Lebanon India Ghana

Indonesia Mexico Chile

Ukraine Morocco Kenya

Daniel Isenberg, an active angel

investor and professor of entrepre- neurship at Babson College, points out that economic complexity, rather than a focus on early-stage companies yields more benefits. “‘Start-up ecosystems’ is a misno-

mer,” he exclaims. “To look at one particular age of company, one par- ticular financing model or one par- ticular segment is intrinsically a mistake.” Mr Isenberg argues in his book,

Source: International Labour Organization

sectors generally have smaller mar- gins and lower returns.”

Location-based platforms But differentiation can come with profound societal effects, as shown by the new workforce models pio- neered by gig economy start-ups. Ride-hailing apps, such as Uber and Lyft, and on-demand delivery ser- vices, such as Deliveroo and DoorDash, have been heavily criti- cised over job insecurity, lowpay and a lack of rights for workers on their platforms. A 2021 analysis of 300 Deliveroo

riders’ invoices in the UK, conducted by the Bureau of Investigative Journalism, found that a third made on average less than £8.27 per hour, which is less than the current UK national minimum wage of £8.92 per hour for those under the age of 23. Notably, one worker was logged in for 180 hours and was paid the equivalent of just £2 per hour. “With companies such as Uber

and Deliveroo, a major barrier to them being profitable would be if all of their workers are being paid for the hours they are logged onto the app,” explains AlexWood, a soci- ologist of work and employment, who has extensively researched the gig economy. “The tech sector is a very individ-

ualised and competitive system,” he continues. “If you don’t have much bargaining power, in theory you might have more flexibility, but really youremployer is just deter- mining when you work.” In several countries, regulators

have stepped in toempower plat- form workers. Deliveroo is report- edly considering pulling out of Spain,which will become the first EU country to amend its laws on


August 12 to give gig economy work- ersemployee rights, such as collec- tive bargaining. Back in 2019, NewYork became

the first US city to pass a minimum wage for Uber and Lyft drivers, with other cities since trying to followsuit. On the other hand, the gig econ-

omy offers attractiveemployment opportunities in developing coun- tries. Statistical analysis by the International Labour Organisation (ILO) indicates that app-based work tends to pay higher than traditional sectors, ranging from22%more in Ukraine to 86% more in Ghana.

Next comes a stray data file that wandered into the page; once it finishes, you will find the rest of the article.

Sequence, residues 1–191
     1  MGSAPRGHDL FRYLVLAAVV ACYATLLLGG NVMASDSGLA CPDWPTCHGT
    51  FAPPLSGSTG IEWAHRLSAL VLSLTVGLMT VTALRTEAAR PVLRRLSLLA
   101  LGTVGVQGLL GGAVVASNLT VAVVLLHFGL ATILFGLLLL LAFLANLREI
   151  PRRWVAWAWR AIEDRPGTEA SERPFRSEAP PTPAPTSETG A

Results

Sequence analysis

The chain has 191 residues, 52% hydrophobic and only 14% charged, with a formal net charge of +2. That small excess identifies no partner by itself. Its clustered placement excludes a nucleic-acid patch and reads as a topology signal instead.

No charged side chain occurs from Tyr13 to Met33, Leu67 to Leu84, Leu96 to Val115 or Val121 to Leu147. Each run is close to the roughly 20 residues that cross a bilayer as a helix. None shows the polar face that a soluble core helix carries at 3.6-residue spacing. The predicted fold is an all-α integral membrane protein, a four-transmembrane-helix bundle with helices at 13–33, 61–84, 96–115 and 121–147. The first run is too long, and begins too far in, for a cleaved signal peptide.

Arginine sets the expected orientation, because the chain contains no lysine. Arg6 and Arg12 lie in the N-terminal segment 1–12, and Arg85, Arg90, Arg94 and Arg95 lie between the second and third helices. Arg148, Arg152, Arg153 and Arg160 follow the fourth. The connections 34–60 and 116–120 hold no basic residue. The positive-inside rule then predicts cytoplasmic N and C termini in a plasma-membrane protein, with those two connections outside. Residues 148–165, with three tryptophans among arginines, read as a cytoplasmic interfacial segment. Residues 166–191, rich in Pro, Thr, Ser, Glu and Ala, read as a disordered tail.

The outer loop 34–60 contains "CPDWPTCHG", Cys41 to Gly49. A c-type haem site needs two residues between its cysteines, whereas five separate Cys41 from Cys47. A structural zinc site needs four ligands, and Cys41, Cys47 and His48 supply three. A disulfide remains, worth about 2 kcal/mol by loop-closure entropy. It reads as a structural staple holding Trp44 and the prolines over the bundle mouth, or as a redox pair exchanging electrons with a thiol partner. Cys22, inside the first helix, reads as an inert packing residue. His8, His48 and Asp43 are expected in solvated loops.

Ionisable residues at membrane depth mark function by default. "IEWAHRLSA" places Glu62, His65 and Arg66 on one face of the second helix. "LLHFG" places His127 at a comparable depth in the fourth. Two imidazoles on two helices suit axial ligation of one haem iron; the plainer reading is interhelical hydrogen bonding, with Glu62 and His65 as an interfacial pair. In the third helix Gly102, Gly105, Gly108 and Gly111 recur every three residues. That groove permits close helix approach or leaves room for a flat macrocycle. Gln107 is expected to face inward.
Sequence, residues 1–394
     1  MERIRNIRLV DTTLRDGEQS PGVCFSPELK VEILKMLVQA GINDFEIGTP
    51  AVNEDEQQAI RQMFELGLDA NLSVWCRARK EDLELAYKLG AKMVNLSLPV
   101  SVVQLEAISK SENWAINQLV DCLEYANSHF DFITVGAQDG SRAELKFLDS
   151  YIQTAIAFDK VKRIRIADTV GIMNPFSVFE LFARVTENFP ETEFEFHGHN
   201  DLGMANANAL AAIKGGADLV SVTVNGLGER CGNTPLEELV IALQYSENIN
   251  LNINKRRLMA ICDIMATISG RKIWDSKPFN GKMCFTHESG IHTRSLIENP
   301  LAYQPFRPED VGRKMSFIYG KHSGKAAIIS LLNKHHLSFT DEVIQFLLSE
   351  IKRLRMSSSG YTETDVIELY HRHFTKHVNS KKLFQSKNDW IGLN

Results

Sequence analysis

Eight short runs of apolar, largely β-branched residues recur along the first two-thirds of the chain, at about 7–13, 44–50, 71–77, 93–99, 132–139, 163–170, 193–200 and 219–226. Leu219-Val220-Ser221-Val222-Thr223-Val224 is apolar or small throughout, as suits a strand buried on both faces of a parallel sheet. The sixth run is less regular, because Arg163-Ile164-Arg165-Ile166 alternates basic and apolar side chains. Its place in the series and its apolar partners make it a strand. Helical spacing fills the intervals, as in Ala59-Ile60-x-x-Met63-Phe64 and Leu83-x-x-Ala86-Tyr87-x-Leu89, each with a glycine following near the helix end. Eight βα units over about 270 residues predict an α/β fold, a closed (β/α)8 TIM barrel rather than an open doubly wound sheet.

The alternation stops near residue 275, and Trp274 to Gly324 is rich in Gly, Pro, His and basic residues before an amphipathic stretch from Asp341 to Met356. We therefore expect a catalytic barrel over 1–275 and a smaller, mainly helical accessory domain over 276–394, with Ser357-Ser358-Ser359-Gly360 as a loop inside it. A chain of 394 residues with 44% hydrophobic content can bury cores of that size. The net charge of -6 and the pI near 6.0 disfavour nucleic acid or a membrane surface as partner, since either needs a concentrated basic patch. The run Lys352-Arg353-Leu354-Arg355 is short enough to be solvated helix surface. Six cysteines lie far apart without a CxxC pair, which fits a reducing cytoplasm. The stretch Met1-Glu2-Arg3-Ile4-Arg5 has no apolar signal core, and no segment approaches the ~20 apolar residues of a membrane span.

Failure rates While the value of the global start- up economy is estimated at almost $3tn, according to Startup Genome, an innovation policy and research firm, about 90% of start-ups will fail in their lifetime. Research suggests that significant revenue and job growth at a fewsuccessful start-ups is substantially offset by these losses in other firms. A 2014 study ofmore than

158,000 start-ups across 10 countries worldwide found thatamong those in their fifth year, total job destruc- tion—or the declines in headcount among retrenching companies— accounted for 65% of all the new jobs created in that year. Mr Canales points out that the

well-knownrate of start-up failure has broader implications. “We knowthat theemployees

who take personal risks together with the start-up risks, probably need some future support finding their way through the labour mar- ket again,” he says. Others question the whole notion

of start-ups and entrepreneurship as isolated forces for prosperity.

‘Worthless, Impossible and Stupid: Howcontrarian entrepreneurs cre- ate and capture extraordinary value’, that entrepreneurship is not defined by the age of a company, but rather the value it creates. “Public leaders have latched

onto this notion of unicorns being some proxy for growth. It’s not — it’s a proxy for concentrated share- holder wealth,” he says. Up until July 15 this year, 291 new unicorns were created, according to Crunchbase, which is more than any other full year on record.

Hypergrowth pushes outsourcing As private investors finance and push start-ups to scale at a rapid pace, many companies look for tech talent outside their locations base. Pleo, like many start-ups, has had to hire soft- ware engineers internationally. “You can build a globally success-

ful company out of Denmark…and I think it is important to have most of the workforce here,” says Mr Rindom. “But as a shareholder, I think we can build the company with a workforce split across 20 dif- ferent countries.” Scarcity of software engineers, in

particular,means that some jobs and economic benefits created by start-ups are in countrieswhere tal- ent is available, rather than where the company was founded. Astudy by the consultancy Korn

Ferry foundthat theUStech sector could lose out on $162bnworthof rev- enues annually unless it finds more high-techworkers.Onthe flip side, Korn Ferry predicts India could have a surplus of more than one million high-skilled techworkers by 2030. Uma Rani, a senior economist at

the ILOin Geneva who has researched digital labour platforms, has tracked a rising trend of early- stage tech businesses outsourcing work to developing countries. “Start-ups sitting in the US or

Europe have a lot of their labour com- August/September 2021











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